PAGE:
Thursday, March 30, 1922
The word comes that the mill at Cass will be rebuilt, bigger and better than ever. Workmen are at work pre-paring the ground for the sawmill on the site of the old pond.
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It sometimes happens that a man gets so tired and sick of life that he would like to die. This time usually comes when he is conscious of his failing powers, and he casts up the book of his life, and finds that the balance is against him. Man never is but always to be blest. Then is the time that his soul cries out for a change. The farmer moves to town and worsts himself, and the town man yearns for a farm and if he yields to the urge, he is very apt to find that he has tackled a job too big for him. We believe that so far as town life is concerned, as the ebb of life sets in, that the only surcease from sorrow is for the man to keep at his work, but spend as much of his idle time as possible close to the soil.
A famous engineer once said, “Each day I put in two hours work in my garden and take out seven hours of sleep.”
The health of the community is very poor at this writing. Several families have been suffering from severe cases of flu and pneumonia.
Theodore VanReenan, who had his hand severely mashed at the tannery last Friday, is not able yet to be brought home.
We’ve been having very pretty spring weather. Most farmers are busy plowing and getting ready to put out big crops this season.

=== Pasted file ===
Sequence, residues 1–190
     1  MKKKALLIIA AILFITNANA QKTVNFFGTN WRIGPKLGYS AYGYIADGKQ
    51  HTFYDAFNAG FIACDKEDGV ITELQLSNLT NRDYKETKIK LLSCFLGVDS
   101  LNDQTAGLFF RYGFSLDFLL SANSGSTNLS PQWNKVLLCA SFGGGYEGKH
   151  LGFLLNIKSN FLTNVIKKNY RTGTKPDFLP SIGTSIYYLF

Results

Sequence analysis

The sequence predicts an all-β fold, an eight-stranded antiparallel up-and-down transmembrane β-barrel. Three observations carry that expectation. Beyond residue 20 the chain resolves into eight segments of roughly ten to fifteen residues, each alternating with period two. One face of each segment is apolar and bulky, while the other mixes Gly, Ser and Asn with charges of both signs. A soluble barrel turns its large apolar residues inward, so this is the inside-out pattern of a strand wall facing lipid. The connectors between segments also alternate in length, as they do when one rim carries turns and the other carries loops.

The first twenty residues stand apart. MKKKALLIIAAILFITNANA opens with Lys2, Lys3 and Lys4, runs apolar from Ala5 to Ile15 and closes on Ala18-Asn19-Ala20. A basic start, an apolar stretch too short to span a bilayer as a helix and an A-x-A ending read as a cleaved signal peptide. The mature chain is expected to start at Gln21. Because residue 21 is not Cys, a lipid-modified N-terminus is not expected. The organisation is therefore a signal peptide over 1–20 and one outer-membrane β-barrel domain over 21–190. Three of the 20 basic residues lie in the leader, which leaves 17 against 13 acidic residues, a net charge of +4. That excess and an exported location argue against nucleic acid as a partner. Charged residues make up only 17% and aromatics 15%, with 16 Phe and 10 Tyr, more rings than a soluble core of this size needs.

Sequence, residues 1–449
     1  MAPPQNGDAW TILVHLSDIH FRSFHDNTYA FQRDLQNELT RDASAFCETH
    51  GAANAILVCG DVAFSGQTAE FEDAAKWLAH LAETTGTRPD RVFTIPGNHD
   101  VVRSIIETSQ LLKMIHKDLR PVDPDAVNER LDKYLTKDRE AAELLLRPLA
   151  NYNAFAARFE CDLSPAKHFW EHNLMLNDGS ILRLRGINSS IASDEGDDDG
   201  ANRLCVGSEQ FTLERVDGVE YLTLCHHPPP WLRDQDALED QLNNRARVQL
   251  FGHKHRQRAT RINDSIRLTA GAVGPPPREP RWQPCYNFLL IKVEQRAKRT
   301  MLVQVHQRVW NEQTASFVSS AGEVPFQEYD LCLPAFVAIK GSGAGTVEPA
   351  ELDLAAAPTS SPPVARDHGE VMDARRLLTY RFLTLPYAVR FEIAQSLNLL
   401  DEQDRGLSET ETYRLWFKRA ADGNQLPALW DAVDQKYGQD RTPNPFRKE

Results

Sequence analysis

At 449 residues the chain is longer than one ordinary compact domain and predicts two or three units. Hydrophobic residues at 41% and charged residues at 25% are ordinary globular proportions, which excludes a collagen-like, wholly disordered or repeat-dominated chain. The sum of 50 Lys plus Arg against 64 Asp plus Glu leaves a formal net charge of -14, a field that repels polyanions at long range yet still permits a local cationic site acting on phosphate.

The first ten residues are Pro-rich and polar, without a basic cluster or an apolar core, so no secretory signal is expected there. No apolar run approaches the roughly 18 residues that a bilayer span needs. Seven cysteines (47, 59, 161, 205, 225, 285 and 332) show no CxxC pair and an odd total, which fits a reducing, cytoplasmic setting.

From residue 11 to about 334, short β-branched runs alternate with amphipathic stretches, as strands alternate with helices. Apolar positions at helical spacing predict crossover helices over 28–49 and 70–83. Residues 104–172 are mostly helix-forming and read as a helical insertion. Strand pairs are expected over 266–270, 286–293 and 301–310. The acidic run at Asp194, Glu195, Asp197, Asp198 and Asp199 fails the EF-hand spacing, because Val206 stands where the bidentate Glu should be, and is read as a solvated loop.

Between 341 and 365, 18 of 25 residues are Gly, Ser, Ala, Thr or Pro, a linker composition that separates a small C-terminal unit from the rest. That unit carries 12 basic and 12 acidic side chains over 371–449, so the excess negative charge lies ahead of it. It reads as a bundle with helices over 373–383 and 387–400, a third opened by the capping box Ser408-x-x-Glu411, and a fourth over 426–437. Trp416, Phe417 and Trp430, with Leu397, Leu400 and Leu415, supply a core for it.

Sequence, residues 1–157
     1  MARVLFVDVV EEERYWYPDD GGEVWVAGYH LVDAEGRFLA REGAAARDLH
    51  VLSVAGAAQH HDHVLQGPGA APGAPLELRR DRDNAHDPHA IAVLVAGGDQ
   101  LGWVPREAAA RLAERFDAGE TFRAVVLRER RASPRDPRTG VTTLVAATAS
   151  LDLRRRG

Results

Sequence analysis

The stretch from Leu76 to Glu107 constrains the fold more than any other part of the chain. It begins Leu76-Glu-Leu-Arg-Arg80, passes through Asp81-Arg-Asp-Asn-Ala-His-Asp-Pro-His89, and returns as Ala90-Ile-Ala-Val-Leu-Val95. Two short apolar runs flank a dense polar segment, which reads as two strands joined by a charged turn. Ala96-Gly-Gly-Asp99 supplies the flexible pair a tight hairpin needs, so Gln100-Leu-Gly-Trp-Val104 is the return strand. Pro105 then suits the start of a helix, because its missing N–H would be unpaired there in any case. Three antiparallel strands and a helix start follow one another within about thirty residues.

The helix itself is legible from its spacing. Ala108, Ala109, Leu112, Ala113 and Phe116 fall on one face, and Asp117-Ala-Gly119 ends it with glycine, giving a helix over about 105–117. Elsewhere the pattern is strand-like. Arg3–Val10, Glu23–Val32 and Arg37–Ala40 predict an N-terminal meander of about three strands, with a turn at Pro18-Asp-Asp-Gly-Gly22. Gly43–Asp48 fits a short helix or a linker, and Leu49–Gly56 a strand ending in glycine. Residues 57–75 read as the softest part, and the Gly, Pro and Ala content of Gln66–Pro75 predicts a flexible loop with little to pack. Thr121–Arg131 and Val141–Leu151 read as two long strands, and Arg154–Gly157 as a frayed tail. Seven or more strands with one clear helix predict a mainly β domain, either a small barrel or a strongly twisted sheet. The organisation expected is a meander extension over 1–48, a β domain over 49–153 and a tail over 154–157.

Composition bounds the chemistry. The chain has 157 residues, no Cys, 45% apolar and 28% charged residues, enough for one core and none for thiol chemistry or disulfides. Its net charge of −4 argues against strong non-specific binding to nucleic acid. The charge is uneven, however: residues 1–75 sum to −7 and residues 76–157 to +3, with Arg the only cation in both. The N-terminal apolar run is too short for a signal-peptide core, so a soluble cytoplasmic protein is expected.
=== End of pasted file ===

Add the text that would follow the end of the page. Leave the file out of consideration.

We are having our rainy season. It is very warm for March and vegetation is putting forth rapidly. We trust it will continue warm, and that everything will go forward. Hay is very scarce, most of our farmers have about fed out.
Bernard VanReenen has the contract for building a lot of fence for A. C. Barlow along the public road, which will add much to the beauty of Mr. Barlow’s farm. We are always glad to see permanent improvements. Nothing adds more to the value of a farm than to have good fences, and the fencerows cleaned out good, gates in good repair and so forth.
Ed Wooddell’s family has had another scourge of the flu, followed by pneumonia. There are four cases of pneumonia and six of them in bed altogether. They lost two members of the family to diphtheria last fall. This family is having its share of trouble.
The people of this community would very much like to have a road from Hosterman to Arbovale as the only way we have to get out is by airplane and that is very expensive.
Born to Mr. and Mrs. George Wheeler, March 20, a daughter.
Born to Mr. and Mrs. Wm. Fitzpatrick, near Marlinton, March 24, a daughter.
Born to Mr. and Mrs. James Rider, of Marlinton, a daughter.
Born to Mr. and Mrs. Harry L. Byers, a son, March 26, 1922.
Mrs. Melinda Griffin, at the home of her sister, Mrs. Fanny McNeill, near Buckeye, March 17, 1922. She had reached the advanced age of 89 years. Burial at the McNeill graveyard…
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Mrs. Mary E. Hillyard died at the home of her son, Austin Nottingham, at Nottingham, March 15, 1922, aged 72 years. She had been in failing health for the past three years…
She leaves to mourn her loss, five sons, Loring Nottingham, of Hartstown, Pa., Jesse, Charley and Austin Nottingham, of Nottingham, and Anderson, of Bristol, Tennessee…
Her body was laid to rest on the home place…